Mark R. Johnson


[Interactive Screens]
[Amateur Recording]
[24 Hours]




Part 6. Webcasting as Event Reproduction

The third and final definition of webcasting that we will look at here is the Apple Computer proposal for webcasting "the goal is to provide an interactive experience, allowing the user to dig deeper and go behind the scenes of the event itself." On their site, Apple defines webcasting as a tool that "lets you experience exciting live events using the latest Internet multimedia technologies. You can see, hear, and experience events as they actually happen from all over the globe. Pictures, sound, videos, chat and even virtual reality not only allow you to experience events, they let you be part of them as well." This definition is framed within the context of providing real-time event coverage. In a sense, they would like to make the webcast not just like being there, but better than being there. Unfortunately, webcasting as Apple has practiced it has become little more than "Webcasting as Infomercial," in which they take every opportunity to push their own software and hardware at the expense of the subject of the webcast itself.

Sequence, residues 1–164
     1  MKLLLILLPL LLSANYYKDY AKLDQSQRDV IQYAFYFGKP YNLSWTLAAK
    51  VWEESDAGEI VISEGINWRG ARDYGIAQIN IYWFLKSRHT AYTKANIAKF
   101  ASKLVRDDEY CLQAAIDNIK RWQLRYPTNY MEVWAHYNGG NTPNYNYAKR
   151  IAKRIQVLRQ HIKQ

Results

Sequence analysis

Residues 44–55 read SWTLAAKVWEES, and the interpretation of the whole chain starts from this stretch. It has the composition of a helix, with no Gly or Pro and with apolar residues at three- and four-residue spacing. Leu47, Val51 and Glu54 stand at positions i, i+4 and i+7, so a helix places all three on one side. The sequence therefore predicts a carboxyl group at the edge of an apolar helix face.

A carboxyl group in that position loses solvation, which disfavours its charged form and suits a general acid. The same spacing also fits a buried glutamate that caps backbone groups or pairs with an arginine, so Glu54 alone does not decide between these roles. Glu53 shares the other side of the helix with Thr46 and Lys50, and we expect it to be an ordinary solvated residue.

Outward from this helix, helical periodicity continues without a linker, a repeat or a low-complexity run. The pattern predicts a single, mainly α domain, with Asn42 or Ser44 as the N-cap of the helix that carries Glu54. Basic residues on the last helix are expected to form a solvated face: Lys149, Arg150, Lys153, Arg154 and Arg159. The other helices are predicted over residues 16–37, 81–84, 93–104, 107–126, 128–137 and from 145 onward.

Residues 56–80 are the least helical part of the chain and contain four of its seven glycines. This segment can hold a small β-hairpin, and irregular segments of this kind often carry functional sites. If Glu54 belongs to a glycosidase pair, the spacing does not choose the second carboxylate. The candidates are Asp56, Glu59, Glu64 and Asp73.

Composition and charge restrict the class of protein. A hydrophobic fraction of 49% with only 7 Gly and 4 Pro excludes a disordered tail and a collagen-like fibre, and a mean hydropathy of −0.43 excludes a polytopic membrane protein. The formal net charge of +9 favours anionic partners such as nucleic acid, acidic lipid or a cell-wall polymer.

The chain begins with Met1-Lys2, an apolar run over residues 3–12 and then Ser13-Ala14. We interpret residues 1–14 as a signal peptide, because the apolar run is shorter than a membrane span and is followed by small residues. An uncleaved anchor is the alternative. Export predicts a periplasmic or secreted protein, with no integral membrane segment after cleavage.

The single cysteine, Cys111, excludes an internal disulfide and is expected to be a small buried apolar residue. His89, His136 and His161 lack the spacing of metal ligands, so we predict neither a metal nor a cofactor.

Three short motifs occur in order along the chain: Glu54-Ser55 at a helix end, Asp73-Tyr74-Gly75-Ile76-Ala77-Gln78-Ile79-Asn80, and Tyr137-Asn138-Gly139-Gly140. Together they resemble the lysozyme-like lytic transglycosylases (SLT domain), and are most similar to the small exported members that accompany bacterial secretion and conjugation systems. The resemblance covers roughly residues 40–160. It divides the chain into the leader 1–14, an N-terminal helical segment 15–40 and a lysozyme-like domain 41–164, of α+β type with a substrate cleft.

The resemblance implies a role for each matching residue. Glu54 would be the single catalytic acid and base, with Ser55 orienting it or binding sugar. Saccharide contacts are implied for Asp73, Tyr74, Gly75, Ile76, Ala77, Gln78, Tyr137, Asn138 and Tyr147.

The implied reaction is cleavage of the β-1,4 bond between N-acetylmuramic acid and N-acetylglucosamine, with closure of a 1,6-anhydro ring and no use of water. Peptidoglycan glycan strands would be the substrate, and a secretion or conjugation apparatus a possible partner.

Assessment of Apple's practice comes up rather poor. While their theory seems like it would serve well to distinguish webcasting from other mass media, their own webcasts end up scoring very low on the interactivity scale, lack significant personalization, are still focusing on real-time (time dependent) broadcasting, and are generally lacking in any kind of feedback pathways. They do offer more than the other models in terms of interactivity and feedback by providing chat rooms and guest books that visitors can 'sign.' However, neither of these options are ever used by those who visit the sites. (There are documented cases in which after being up for over two years, a chat room associated with an Apple webcast still had only a single message posted to it.)

In contrast to their goals, Apple webcasts tend to lack the richness of media that the technology makes possible. It can also be rather annoying to see the event serving as little more than an excuse to advertise, such that the event itself is significantly diminished. In the future, I might expect that Apple would attempt to reach their specified goals, but the current rumor is that Apple's webcasting group has been disbanded.

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Last modified 5/21/97.